In Part 1 of this blog, I introduced white male privilege as a key leadership challenge. Last week’s Part 2 blog offered examples of “self-directed” actions – steps leaders can take to confront their own ignorance, complacency, and complicity. In this week’s blog, I’ll explore “outward-directed” actions that we can take to foster equal access to opportunity, power and resources for everyone.

With privilege — earned or unearned — comes responsibility. What are these responsibilities and how do we put them into action in our workplaces and communities? Here are some examples that sound simple but are not easy to put into consistent practice.

Shine the light on inequity and exclusion. Decide what is not OK with you. Raise questions about whose voices get heard, what gets labeled as normal and valuable. Actively identify who is and is not at the table for important conversations. Notice and call out microaggressions – statements and actions that reflect indirect, often unintentional yet painful discrimination against people of color, women, and other marginalized groups. Take responsibility for your own participation in these actions.

Take a stand. It’s not enough to point out inequity. Challenge inequity within the very system that rewards with privilege. This means putting something valuable- like status or approval from others- at risk. Sometimes challenging inequity simply means naming it out loud. Sometimes taking a stand means refusing to participate in or perpetuate a rigged or unjust system. Other times it means actively advocating for new policies and practices.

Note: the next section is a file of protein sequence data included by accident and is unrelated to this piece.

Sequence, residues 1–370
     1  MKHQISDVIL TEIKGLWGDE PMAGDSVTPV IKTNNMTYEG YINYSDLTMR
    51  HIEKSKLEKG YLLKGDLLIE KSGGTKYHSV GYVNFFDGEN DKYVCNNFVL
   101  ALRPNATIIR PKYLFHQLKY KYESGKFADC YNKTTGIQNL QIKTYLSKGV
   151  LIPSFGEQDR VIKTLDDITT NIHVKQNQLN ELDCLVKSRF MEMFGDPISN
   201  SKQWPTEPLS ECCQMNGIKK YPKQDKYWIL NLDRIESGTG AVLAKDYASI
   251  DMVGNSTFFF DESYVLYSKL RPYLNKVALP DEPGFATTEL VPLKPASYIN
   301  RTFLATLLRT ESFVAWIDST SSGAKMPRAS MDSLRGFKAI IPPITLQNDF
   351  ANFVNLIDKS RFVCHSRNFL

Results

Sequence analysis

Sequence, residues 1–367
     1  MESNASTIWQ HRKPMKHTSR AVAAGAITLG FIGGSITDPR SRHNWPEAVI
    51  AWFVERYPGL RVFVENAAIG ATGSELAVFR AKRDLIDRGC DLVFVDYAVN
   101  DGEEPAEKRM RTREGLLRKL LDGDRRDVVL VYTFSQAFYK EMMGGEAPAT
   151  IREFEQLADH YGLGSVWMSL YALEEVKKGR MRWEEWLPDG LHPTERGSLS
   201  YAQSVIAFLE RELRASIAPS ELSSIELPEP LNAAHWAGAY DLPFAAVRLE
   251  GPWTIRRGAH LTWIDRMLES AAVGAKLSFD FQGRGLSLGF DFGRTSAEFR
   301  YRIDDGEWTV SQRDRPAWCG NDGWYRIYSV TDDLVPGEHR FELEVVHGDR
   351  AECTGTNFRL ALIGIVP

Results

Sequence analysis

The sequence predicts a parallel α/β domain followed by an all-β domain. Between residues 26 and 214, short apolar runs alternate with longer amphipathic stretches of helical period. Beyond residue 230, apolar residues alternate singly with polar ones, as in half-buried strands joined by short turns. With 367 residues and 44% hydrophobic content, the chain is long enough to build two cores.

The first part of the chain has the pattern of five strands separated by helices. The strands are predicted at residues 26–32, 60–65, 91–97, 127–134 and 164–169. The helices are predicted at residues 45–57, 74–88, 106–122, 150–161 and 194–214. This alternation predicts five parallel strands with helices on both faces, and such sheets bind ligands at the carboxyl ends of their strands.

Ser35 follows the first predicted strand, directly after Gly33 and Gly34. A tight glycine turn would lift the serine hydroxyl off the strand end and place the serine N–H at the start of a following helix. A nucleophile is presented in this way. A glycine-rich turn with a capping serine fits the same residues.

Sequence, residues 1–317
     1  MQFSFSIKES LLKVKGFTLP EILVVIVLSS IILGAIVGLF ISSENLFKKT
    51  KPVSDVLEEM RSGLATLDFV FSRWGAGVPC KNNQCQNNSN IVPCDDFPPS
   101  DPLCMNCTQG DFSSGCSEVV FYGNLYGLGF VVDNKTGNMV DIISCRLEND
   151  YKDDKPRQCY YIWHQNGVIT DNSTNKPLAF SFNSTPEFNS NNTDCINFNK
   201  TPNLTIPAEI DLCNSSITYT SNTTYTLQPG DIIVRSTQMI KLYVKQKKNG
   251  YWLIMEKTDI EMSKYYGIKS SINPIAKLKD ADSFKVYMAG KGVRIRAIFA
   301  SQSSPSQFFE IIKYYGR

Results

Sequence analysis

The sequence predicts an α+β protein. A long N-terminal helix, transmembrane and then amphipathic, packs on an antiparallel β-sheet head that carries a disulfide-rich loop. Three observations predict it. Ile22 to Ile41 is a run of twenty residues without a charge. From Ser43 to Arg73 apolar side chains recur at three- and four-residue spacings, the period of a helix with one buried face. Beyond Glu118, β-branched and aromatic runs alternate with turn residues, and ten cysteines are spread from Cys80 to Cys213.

Actively sponsor members of marginalized groups. As a close colleague reminded me, “Mentoring is not enough. Mentors give advice, and talk is cheap. People from disadvantaged groups benefit from having an active sponsor who advocates for them when they’re not in the room, someone who amplifies their voices and ensures that they get high-profile assignments, someone who spends their social capital on them in concrete ways.”

Practice good followership. Sometimes the best way to be an ally is from the front but often times it’s by standing alongside or behind others who must be the primary voice in advocating for their interests. Pay attention to your defaults. Notice any propensity to speak first, interrupt, state an opinion in declarative terms. If you are someone who is privileged, oftentimes the most powerful thing you can do is to volunteer to do whatever supports the goals of others.

This blog series is my attempt to begin a conversation about what it means to live and lead as a white man in today’s America. While I have primarily referenced race inequity, I want to be clear that leaders who possess privilege and power must stand for freedom and fairness for all who are disadvantaged and excluded. Those efforts will be imperfect. White leaders committed to this work will stumble over blind spots and assumptions. But by having the courage and conviction to pursue this work we can, together, strive to bring about a world that works for everyone.

What is the public stand that you will take? What source of comfort, safety, or advantage are you willing to risk to stand for fairness and freedom for all?

Photo Credit: Justin S. Campbell

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